In FIG. 2, the expansion characteristics of a centrifugally cast glass are shown in a graph. The abscissa of the graph represents temperature T in C., and the ordinate change in elongation Al in suitable units of length. From room temperature T to the so-called lower cooling point T the glass of my invention expands substantially linearly along the solid line curve 10 of FIG. 2. A substantially linear expansion of the glass also occurs between the upper cooling point T and the point of fusion T Thus, the glass having the novel composition according to my invention, only exhibits a nonlinear change in elongation for temperatures varying between T and T Since normal metals generally exhibit a predominately linear change in elongation throughout, a special alloy must be provided for fusing in glass. For example, the known Fe-Ni-Co alloy, obtainable in the trade under the trade names Vacon or Covar, is especially suited for this purpose. The expansion characteristic of such an alloy is depicted in FIG. 2 by the broken line 11. It can be observed from FIG. 2, that the alloy and the glass of my invention have substantially the same expansion characteristic between the temperatures T and T In the production of glass articles with a glass having the composition according to my invention, the raw materials are initially melted and insofar as necessary, the previously processed metal components or fittings that are being fused with the glass are inserted in the mold provided for centrifugal casting. It may be desirable to glaze the metal components beforehand with a layer of the glass that is between substantially 50 and 200p. thick at the locations at which the metal components are to be fused to the main glass body. The molten glass is then poured into the mold which has been suitably heated.

' The mold should be reasonably hot, though cooler than the glass, because otherwise the glass would adhereto the mold.

In FIG. 3, there is shown in section, a cylindrical mold for use in centrifugally casting the glass of my invention. The mold is constructed of a cylindrical wall 20 supported on a base plate 21 and covered by a cover plate 23 formed with an opening 22. The molten glass is located at first completely on the base plate 21 of the mold substantially below the horizontal dotted line shown in FIG. 3. As the mold is centrifugally rotated in the rotary direction of the curved arrow about the axis 24, the liquid glass gradually rises along the cylindrical wall 20 and the surface thereof assumes the position represented by the dot-dash line in FIG. 3 at' one stage during the rising of the glass, and finally comes into engagement with the cover plate 23. The glass thus assumes the cylindrical form whose inner surface is represented by the dash lines in FIG. 3 when the mold is rotated at a suflicient given rotary speed, and an open area is formed in the glass that had previously lain on the base plate 21. Centrifuging is maintained at this given rotary speed until the glass has hardened. Thereafter, the mold is opened and the glass cylinder is finely cooled in a furnace. The furnace tem perature is adjusted to substantially the upper cooling point T as shown in FIG. 2. By finely cooling the centrifuged glass cylinder, stress equalization is produced therein between the temperatures T and T as the temperature slowly decreases.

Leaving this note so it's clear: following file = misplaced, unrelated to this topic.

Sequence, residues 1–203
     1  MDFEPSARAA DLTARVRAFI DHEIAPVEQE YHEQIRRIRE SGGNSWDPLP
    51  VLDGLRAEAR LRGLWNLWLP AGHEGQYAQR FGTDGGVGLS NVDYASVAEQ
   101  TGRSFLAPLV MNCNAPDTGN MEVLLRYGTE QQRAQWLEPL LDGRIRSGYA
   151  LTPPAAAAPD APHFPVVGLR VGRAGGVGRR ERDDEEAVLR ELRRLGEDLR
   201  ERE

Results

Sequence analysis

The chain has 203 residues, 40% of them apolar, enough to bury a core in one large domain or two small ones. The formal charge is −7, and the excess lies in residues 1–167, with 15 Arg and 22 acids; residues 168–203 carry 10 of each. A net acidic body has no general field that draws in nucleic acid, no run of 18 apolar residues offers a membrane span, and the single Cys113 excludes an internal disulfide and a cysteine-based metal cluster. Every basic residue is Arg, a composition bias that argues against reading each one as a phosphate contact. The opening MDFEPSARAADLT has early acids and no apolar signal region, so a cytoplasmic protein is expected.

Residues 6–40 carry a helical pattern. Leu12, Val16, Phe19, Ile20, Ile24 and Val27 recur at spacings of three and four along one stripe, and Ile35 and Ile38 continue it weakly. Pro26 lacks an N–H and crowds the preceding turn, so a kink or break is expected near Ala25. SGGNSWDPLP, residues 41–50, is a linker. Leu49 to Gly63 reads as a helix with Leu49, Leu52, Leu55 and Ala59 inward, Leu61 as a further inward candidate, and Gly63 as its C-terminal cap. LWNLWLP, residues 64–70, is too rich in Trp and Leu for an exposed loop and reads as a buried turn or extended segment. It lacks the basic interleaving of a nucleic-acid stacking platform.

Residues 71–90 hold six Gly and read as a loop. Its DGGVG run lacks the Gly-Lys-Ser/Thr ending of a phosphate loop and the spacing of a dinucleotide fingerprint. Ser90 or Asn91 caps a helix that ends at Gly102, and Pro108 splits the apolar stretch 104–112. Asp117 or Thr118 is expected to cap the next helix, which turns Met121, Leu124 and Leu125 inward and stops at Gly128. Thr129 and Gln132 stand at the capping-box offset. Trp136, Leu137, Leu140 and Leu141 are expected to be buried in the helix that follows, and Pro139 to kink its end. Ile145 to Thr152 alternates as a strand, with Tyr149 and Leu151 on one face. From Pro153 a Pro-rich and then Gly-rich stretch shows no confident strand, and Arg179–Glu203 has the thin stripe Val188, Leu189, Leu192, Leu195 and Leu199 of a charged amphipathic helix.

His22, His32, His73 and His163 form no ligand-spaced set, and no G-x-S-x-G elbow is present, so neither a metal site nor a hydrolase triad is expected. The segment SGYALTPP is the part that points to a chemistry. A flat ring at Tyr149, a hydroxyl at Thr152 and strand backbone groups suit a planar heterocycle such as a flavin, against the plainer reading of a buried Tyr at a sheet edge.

I claim:

1. A centrifugally cast article formed of a glass composed essentially of 60% SiO 18% B 0 7% MgO, 6% U 0, 4% A1 0 3% BaO, 1% CaO and 1% K 0 within tolerances of about :2%, all of the percentages being.

by weight, and a Fe-Ni-Co alloy member fused one to another helium tightly and free of stress.

2. Article according to claim 1 wherein the Fe-Ni-Co alloy member has a thermal coeflicient of expansion of substantially 63 to 66-10*'/ C. within a temperature range of about 20 to 400 C.

3. A centrifugally cast article formed of a glass composed essentially of 60% SiO 18% B 0 7% MgO, 6% H 0, 4% A1 0 3% B210, 1% CaO and 1% K 0 within tolerances of about :L2%, all of the percentages being by weight, and a member consisting of A1 0 fused one to another helium tightly and free of stress.

References Cited UNITED STATES PATENTS 2,392,314 l/l946 Dalton 10654 3,420,684 l/1969 Hagedorn 10654 3,420,685 l/ 1969 Martin 16l--196 3,473,999 10/ 1969 Muchow 161-196X 3,489,627 1/ 1970 Botden et a1. 161-192X 2,478,626 8/ 1949 Grigorietf 10654 X 2,466,849 4/1949 Hood 10654 CHARLES E. VAN HORN, Primary Examiner 11.8. C1. X.R.

Referenced by
Citing PatentFiling datePublication dateApplicantTitle
US4000999 *Oct 25, 1974Jan 4, 1977General Electric CompanyCentrifugally casting hollow glass body around vapor shield
US4214138 *Mar 8, 1978Jul 22, 1980General Electric CompanyVapor shield support ring for a vacuum interrupter
US4277716 *Oct 9, 1979Jul 7, 1981Banks Jr Neill KGlass-to-metal seal construction
USB517858 *Oct 25, 1974Feb 17, 1976 Title not available
Classifications
U.S. Classification428/433, 65/59.24, 218/139, 218/134, 65/302
International ClassificationC03C3/076, C03C27/00, C03C27/02, C03C3/091
Cooperative ClassificationC03C3/091, C03C27/02
European ClassificationC03C27/02, C03C3/091